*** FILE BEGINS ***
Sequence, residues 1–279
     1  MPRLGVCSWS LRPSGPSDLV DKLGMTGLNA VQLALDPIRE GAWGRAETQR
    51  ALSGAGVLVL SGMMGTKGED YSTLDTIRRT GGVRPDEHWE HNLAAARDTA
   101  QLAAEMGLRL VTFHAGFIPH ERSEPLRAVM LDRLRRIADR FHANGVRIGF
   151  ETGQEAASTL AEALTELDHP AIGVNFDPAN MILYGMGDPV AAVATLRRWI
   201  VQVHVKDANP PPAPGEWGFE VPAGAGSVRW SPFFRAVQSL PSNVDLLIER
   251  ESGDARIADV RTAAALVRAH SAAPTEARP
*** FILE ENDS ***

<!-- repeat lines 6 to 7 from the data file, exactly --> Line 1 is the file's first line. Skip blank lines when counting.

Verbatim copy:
   201  VQVHVKDANP PPAPGEWGFE VPAGAGSVRW SPFFRAVQSL PSNVDLLIER
   251  ESGDARIADV RTAAALVRAH SAAPTEARP